emotions. This is called perceptual defence. “We see what we
want to see, hear what we want to hear.
The Target
oPerception involves interpretation and addition of meaning to the target, and
ambiguous targets are especially susceptible to interpretation and addition.
oPerceivers have to need to resolve such ambiguities.
Tempted to believe that providing more information about the target will
improve perceptual accuracy, which is not the case.
Writing clearer memos might not always get the message across.
Assigning minority workers to a prejudiced manager will not always
improve his or her perceptions of their true abilities.
The Situation
oEvery instance of perception occurs in some situational context and this context
can affect what one perceives.
oThe most important effect that the situation can have is to add information about
the target.
Imagine a casual critical comment about your performance from your boss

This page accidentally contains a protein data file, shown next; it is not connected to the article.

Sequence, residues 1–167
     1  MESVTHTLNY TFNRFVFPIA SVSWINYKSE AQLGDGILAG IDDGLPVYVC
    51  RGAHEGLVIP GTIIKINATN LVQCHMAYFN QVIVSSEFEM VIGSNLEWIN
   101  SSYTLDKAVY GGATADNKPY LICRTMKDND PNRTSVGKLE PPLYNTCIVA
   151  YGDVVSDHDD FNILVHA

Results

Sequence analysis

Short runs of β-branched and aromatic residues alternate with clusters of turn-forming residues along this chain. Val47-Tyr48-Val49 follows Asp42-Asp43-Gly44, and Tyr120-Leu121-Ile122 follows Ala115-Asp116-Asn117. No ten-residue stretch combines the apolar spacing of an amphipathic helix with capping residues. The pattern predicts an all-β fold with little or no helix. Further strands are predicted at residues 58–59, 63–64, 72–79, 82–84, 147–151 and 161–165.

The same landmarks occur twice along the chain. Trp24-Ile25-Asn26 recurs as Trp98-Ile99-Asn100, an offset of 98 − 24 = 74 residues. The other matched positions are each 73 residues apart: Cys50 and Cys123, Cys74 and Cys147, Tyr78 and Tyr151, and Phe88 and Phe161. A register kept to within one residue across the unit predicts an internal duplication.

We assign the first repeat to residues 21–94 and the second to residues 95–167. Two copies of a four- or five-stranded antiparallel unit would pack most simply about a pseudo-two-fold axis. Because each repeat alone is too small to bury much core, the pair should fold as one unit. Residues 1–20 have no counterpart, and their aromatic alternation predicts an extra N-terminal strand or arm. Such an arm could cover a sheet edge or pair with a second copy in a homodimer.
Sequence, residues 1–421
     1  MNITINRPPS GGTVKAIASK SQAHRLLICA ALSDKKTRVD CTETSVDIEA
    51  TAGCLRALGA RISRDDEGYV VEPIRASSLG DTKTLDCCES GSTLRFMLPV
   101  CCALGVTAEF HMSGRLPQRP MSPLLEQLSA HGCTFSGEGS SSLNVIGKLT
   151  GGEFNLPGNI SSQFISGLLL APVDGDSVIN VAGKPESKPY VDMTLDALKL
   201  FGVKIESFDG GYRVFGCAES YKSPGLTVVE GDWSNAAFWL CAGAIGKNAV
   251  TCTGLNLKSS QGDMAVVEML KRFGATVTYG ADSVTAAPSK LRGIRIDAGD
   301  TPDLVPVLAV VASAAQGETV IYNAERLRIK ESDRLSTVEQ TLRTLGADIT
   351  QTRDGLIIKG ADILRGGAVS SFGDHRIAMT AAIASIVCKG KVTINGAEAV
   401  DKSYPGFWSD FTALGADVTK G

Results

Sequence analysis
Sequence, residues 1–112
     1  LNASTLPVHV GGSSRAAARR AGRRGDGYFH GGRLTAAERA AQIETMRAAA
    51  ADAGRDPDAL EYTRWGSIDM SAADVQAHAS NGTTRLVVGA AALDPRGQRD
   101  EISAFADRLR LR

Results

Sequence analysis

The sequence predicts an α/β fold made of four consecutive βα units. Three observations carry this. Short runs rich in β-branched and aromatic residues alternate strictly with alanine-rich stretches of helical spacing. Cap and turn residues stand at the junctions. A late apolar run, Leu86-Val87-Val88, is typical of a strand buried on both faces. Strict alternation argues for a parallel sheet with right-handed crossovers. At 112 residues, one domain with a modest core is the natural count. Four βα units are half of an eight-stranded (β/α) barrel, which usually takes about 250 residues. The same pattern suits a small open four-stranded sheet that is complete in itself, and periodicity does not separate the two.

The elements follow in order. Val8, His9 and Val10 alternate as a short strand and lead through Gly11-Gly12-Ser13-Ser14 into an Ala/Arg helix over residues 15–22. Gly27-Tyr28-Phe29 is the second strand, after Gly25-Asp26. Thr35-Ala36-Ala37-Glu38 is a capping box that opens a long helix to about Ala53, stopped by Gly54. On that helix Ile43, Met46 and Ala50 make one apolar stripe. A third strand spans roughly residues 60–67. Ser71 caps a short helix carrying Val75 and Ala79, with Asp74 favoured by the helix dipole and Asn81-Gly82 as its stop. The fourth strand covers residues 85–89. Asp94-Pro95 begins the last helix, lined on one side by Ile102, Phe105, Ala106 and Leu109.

the week before she is to decide whether or not you’ll be promoted. You
will likely perceive this comment differently from how you would if you
weren’t up for promotion.
Social Identity Theory
Social Identity Theory
oTheory that states that people form perceptions of themselves based on their
personal characteristics and memberships in social categories.
oOur sense of self is composed of a personal identity and a social identity. These
two things help answer the question, “Who am I?”
oPersonal Identity
Based on our unique personal characteristics, such as interests, abilities,
and traits.
oSocial Identity
Based on our perception that we belong to various social groups, such as
our gender, nationality, religion, occupation, and so on.
oAs individuals, we categorize ourselves and others to make sense of, and,
understand the social environment. The choice of specific categories depends on
what is most salient and appropriate to the situation.
For example, we might define people in a meeting according to their job
title.
Once a category is chosen, we tend to see members of that category as
embodying the most typical attributes of that category, or what are called
“prototypes.”
Similarly, once we locate ourselves in a social category we tend to
perceive ourselves as embodying the prototypical characteristics of
the category.